Immobilized enzymes offer many advantages over the free counterparts. These advantages include, but not limited to, easy separation, reuse ability, induced stabilities and the potential of continuous operation. However, the immobilization process at the same time causes some drawbacks including lost of catalytic activity of the immobilized enzymes. Many interpretations have been given to explain the reasons behind such drawback. Some of them related to the enzymes themselves, such as deactivation of enzymes and miss-orientation. Others refer to the diffusion limitation of substrates and/or to inhibitory effects of the products. Substrate diffusion limitation presents the serious one.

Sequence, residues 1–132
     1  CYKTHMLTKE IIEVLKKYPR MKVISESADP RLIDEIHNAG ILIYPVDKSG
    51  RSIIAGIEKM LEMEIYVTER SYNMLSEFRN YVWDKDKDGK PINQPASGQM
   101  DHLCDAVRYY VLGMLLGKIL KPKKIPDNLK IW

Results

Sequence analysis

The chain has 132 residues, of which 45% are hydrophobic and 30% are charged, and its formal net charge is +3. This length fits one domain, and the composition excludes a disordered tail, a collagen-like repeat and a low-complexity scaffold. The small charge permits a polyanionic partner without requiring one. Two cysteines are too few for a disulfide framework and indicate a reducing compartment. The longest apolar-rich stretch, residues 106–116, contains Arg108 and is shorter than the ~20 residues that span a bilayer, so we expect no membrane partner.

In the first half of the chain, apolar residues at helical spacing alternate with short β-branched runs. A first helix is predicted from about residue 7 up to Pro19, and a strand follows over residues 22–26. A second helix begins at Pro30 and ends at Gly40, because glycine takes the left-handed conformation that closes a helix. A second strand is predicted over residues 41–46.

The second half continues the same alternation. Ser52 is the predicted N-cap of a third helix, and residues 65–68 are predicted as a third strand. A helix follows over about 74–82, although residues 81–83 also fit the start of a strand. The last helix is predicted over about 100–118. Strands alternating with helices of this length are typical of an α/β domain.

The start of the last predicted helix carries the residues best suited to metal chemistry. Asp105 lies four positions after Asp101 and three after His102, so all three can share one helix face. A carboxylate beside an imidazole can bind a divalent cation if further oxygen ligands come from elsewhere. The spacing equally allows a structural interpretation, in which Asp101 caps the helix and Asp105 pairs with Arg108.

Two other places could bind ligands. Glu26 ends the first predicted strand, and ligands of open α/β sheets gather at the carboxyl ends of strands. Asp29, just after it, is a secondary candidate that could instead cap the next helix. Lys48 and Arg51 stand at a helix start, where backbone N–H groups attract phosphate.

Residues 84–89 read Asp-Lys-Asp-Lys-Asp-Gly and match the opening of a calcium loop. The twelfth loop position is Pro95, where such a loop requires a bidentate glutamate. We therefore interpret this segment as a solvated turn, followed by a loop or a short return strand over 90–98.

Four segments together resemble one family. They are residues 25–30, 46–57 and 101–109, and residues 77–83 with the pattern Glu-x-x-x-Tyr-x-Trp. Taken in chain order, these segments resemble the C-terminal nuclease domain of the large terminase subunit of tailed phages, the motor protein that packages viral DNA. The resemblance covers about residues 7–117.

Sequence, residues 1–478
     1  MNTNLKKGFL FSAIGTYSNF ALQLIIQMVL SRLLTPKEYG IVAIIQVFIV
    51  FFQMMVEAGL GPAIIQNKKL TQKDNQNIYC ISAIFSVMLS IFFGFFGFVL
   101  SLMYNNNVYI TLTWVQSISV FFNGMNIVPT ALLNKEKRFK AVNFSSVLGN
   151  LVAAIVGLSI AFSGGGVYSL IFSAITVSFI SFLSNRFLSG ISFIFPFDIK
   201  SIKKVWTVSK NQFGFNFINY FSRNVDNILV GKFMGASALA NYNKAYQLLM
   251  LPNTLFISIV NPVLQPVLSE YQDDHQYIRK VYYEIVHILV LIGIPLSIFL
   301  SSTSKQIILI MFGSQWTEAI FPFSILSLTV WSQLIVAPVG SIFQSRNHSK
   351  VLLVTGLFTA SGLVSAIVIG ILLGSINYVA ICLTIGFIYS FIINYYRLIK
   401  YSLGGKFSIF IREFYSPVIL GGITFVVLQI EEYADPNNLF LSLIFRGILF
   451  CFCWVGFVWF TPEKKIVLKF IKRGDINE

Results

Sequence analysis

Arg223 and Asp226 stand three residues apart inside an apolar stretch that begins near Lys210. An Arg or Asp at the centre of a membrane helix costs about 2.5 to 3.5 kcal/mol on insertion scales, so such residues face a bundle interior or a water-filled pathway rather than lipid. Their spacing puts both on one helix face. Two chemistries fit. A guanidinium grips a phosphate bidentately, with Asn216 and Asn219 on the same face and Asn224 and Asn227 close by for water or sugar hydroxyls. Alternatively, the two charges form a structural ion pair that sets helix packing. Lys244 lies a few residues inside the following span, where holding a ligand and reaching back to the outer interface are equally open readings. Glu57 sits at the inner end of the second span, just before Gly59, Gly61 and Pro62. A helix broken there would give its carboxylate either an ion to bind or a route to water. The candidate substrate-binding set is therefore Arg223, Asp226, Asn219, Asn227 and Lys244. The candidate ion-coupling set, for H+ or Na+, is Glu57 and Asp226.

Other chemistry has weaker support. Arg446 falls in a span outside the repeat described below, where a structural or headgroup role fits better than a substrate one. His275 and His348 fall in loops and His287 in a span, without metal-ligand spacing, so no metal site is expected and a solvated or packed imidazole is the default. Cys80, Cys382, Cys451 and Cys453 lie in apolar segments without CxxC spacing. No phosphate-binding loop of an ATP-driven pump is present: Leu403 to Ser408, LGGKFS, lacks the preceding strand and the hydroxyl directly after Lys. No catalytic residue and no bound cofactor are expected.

In this review, mainly, strategies for overcoming this drawback namely; Immobilization of the enzymes on soluble-insoluble matrices, Immobilization of the enzymes on thermally reversible hydrogels, Immobilization of the enzymes on pressure-sensitive gels, Processing the enzymic reaction under non-isothermal conditions, and finally, Immobilization of enzyme on carriers' surface are presented and discussed.